The Gudaga Study: Development in 3-year-old urban Aboriginal children

Authors

  • Jenny McDonald,

    1. Research Centre for Primary Health Care and Equity, Faculty of Medicine, University of New South Wales, Kensington, New South Wales, Australia
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  • Vana Webster,

    1. Research Centre for Primary Health Care and Equity, Faculty of Medicine, University of New South Wales, Kensington, New South Wales, Australia
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  • Jennifer Knight,

    Corresponding author
    1. Research Centre for Primary Health Care and Equity, Faculty of Medicine, University of New South Wales, Kensington, New South Wales, Australia
    • Correspondence: Dr Jennifer Knight, Centre for Health Equity Training Research and Evaluation, PO Box 7103, Liverpool, NSW 1871, Australia. Fax: +61 2 8738 9350; email: knightj@unsw.edu.au

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  • Elizabeth Comino

    1. Research Centre for Primary Health Care and Equity, Faculty of Medicine, University of New South Wales, Kensington, New South Wales, Australia
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  • Conflict of interest: None.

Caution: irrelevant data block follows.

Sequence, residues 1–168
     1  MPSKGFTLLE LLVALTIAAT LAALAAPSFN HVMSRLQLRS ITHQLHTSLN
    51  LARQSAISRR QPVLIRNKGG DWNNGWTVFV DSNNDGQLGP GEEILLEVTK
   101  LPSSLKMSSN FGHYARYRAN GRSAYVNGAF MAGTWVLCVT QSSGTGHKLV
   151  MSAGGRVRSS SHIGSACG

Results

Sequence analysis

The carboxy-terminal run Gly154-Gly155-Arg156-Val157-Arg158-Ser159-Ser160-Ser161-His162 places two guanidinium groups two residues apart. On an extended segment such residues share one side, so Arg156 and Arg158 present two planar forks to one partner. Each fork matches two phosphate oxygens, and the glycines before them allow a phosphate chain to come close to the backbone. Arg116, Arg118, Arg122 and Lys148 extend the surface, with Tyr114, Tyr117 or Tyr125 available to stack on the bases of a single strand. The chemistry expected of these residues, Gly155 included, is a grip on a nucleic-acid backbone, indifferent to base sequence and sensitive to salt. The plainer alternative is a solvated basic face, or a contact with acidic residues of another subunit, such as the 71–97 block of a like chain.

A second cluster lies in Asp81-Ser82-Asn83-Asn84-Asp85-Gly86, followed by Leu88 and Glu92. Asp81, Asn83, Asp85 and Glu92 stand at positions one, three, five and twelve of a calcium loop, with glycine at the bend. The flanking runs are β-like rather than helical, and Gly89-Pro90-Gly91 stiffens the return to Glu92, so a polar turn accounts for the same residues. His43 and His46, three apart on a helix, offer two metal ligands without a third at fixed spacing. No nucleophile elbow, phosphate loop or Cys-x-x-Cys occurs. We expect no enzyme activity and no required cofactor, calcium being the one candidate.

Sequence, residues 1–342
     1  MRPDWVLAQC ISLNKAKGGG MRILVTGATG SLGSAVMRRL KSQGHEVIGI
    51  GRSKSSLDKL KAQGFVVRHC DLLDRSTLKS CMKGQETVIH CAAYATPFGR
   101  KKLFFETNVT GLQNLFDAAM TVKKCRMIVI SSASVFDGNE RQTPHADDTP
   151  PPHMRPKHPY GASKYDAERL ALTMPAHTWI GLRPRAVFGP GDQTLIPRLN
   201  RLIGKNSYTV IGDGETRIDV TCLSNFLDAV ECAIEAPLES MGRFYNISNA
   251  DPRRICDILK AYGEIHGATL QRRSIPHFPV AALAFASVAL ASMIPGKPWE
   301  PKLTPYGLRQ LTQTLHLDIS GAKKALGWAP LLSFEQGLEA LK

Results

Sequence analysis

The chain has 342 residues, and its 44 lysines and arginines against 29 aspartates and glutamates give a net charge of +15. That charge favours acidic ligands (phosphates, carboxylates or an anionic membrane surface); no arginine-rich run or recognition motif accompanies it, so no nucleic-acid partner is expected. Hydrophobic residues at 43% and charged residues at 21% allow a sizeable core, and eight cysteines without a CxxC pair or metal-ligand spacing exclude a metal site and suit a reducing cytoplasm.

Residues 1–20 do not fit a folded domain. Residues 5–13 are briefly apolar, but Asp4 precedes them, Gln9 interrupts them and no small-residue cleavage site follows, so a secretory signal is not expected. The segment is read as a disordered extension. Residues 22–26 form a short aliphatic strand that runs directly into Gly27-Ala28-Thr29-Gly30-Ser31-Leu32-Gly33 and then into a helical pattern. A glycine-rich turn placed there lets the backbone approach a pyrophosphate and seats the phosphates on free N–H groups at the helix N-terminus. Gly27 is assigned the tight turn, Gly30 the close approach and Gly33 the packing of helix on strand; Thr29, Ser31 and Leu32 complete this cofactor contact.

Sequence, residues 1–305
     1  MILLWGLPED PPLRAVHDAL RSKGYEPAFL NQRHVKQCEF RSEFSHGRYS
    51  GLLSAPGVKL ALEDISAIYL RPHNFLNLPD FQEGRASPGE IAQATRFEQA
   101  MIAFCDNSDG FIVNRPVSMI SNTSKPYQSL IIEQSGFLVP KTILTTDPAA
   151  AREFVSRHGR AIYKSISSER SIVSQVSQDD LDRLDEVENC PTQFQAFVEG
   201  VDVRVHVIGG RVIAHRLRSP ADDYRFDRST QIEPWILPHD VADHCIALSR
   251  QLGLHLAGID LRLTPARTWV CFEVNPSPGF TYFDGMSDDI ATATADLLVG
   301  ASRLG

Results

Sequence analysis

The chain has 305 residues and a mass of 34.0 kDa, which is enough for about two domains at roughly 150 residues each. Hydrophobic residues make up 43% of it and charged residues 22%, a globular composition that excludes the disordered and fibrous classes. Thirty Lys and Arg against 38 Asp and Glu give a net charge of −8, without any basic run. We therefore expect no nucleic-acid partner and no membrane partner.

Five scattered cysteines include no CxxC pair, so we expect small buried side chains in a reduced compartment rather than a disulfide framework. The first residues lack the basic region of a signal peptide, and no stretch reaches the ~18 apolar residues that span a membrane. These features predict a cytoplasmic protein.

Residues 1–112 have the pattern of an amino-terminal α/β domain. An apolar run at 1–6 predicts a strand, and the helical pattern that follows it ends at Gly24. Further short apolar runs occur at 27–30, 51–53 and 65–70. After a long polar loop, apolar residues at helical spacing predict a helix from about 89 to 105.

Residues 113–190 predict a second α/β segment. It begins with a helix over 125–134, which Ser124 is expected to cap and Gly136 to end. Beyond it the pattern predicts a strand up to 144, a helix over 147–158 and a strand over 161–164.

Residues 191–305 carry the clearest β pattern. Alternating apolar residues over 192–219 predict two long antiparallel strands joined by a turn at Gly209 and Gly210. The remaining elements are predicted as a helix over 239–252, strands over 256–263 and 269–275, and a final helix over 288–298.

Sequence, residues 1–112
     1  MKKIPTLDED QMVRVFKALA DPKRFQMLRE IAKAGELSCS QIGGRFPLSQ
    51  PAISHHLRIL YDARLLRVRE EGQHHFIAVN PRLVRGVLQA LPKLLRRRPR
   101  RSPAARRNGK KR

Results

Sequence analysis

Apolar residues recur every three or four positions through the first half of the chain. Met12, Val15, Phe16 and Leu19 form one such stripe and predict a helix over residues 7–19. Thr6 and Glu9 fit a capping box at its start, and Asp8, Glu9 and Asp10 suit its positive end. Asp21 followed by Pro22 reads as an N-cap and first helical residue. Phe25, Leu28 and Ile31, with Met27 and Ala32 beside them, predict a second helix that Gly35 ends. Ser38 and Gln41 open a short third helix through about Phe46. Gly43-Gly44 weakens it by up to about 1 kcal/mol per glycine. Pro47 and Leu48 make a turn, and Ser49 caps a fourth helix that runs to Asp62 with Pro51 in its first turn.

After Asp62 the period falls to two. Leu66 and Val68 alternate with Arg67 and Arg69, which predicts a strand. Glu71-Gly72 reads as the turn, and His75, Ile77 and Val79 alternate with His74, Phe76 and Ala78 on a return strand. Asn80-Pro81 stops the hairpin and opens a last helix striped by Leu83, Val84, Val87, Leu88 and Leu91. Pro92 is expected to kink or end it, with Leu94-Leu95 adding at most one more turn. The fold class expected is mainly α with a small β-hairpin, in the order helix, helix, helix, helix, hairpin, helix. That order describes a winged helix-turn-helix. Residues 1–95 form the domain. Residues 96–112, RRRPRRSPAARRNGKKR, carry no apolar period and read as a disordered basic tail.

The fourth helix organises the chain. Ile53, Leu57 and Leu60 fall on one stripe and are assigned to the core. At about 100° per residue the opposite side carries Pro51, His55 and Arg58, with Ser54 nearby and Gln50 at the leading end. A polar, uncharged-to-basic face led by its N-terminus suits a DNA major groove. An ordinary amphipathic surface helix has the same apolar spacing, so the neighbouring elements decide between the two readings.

Abstract

Aim

The aim of this analysis was to study and explore factors associated with the developmental progress in urban Aboriginal children at 3 years.

Methods

The Gudaga Study is a longitudinal birth cohort study of urban Aboriginal infants. The children were assessed using the Griffiths Mental Development Scales, Extended Revised (GMDS-ER) and the Peabody Picture Vocabulary Test, Fourth Edition (PPVT-IV). Student's t-tests and multiple linear regression analysis were used to test the association between developmental progress and possible risk factors.

Results

Overall, the mean general quotient (GQ) for Gudaga children was significantly lower than the standardised norm (P < 0.001). In the GMDS-ER subscales, the scores were higher than expected in the locomotor (P = 0.002) and personal–social domains (P = 0.002) and lower than expected for language (P < 0.001), eye and hand coordination (P < 0.001), performance (P < 0.001) and practical reasoning (P < 0.001). Multiple regression analysis showed that maternal age (P = 0.02) and single-mother status (P = 0.04) were significantly associated with lower performance on the GMDS-ER. The GQ was inversely proportional to the number of risk factors present (P = 0.001). The mean score of the PPVT-IV was also lower than the PPVT-IV norms (P < 0.001).

Conclusion

At 3 years, urban Aboriginal children show relative strengths in their locomotor and self-care skills and emerging delays in their language, fine motor and performance skills. Slower developmental progress was more likely in the context of young maternal age and single parenthood.

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